Like most vegetables, lettuce can be grown indoors and outdoors. If you plan on growing your Lettuce year-round, and you have the room, indoors is ideal. Lettuce is a great plant to have inside for a quick, impromptu salad, as well as being quite attractive. It is relatively easy to grow indoors with a controlled climate, as all you need is good light, fertilizer and potting soil. If you choose to site it in your garden, there are some additional things to consider.
Planting and growing your own lettuce is still relatively easy to grow outside. Keep in mind that it is a cooler weather vegetable, so it thrives in early spring and late fall. Sometimes, snow won’t even hurt the lettuce.
Lettuce, regardless of the type and variety, has a shallow root system. It is important to make sure that it has continual access to water. Shallow roots tend to dry out quickly, rendering the lettuce vulnerable to disease and withering. Keep the soil moist and install a soaker hose or drip line, if needed.
Before you plant your seeds or seedlings, prepare the soil with compost, churning it into the top few inches. Water immediately, daily and then again in a week with a fish emulsion found at garden supply stores. Your harvest will be continuous if you sow seeds weekly.
If you plan on pulling the entire plant out of the ground for harvest, then spacing them six to eighteen inches apart is best. If you plan on harvesting the leaves as needed, then it really doesn’t matter how far apart the plants are grown.
Be sure to keep bugs, leaves, rocks and twigs out of the garden bed and water the lettuce regularly.
If you live in a cooler climate that leans towards extreme temperatures, it might be smart to place a small gardening quilt over the lettuce, keeping the area more climate controlled. Mulch around the base of the plants to keep the soil moist and prevent weeds.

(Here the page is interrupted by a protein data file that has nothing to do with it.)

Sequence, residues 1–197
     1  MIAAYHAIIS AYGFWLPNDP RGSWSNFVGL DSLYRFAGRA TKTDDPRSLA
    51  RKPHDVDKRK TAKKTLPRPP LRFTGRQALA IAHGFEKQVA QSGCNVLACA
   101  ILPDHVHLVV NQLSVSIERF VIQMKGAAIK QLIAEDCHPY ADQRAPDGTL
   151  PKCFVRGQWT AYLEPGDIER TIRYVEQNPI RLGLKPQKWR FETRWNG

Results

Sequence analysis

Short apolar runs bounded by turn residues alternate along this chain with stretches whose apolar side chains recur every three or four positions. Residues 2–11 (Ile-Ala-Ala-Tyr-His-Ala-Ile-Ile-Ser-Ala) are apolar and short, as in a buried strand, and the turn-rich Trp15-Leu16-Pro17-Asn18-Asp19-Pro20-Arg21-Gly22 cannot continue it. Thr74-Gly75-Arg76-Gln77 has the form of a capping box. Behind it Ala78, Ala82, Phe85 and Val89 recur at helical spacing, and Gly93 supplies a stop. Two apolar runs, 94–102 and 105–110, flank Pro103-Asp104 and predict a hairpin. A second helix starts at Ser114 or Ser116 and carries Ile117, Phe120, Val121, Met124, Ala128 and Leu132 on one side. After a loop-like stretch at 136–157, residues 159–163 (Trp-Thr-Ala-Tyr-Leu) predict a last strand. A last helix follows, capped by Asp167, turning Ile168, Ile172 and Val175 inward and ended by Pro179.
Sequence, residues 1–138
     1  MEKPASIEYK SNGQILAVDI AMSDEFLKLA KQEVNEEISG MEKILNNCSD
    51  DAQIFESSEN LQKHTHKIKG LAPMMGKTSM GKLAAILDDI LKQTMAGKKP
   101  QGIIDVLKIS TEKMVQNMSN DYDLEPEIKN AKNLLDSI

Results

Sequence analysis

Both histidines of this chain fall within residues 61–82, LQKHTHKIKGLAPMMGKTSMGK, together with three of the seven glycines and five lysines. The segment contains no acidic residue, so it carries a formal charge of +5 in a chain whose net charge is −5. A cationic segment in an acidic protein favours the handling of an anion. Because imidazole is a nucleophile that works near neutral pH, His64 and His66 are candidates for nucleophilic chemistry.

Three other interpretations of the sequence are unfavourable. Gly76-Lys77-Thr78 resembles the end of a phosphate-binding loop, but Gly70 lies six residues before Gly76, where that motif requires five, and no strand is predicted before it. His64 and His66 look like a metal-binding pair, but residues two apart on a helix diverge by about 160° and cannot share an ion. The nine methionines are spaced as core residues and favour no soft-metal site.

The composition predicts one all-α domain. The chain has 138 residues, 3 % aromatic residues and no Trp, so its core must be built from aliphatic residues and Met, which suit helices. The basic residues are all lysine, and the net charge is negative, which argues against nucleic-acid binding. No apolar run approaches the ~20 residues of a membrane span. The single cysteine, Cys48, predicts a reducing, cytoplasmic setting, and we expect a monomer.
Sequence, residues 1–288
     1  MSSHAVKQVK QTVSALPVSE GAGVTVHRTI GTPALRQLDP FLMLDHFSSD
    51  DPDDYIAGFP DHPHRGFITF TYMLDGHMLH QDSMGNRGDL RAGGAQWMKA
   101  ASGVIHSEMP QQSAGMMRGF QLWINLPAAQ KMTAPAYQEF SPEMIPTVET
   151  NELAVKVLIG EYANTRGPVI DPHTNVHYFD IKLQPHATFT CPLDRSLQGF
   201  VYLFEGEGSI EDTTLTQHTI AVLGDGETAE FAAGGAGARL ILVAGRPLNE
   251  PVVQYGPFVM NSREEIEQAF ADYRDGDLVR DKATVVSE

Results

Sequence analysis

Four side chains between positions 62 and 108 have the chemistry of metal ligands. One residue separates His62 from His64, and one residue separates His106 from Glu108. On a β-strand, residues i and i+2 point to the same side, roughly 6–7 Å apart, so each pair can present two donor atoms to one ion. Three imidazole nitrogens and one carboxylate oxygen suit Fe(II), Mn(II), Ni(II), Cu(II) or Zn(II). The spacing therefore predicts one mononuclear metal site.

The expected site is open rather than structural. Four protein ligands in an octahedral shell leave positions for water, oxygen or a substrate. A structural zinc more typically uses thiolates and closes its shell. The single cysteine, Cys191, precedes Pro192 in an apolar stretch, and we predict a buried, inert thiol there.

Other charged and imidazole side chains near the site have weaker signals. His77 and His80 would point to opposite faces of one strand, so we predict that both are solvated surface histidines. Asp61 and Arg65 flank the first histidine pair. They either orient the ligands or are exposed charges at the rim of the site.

Cutworms, slugs and, most importantly, aphids are typical pests that you will need to keep away from your lettuce garden. Aphids are the number one pest to control around lettuce. They tend to live and flourish under the leaves and the base of the plant. Since you will be consuming the lettuce, simply flicking off the aphids and daily tending to the plants is the best course of action.
Although lettuce loves water to keep its leaves supple, it can get bottom rot on the base of the plant. This is a fungus caused by overwatering and poorly drained soil. On the other hand, if conditions are too sunny and too dry, bolting can occur. This causes the lettuce to taste terrible. Companion plants that are taller, like corn, may help by providing shade.
Health Benefits of Growing Your Own Lettuce
Oddly, getting moisture is one of the benefits of eating your home-grown lettuce. It also contains tons of vitamins and minerals like vitamin B6, A, C, E, and K. Folate, phosphorus, potassium, sodium, zinc, iron, calcium and magnesium, to name just a few, are the minerals that lettuce can provide. Eating a salad can not only help you lose weight, but it can help fight cancer, too.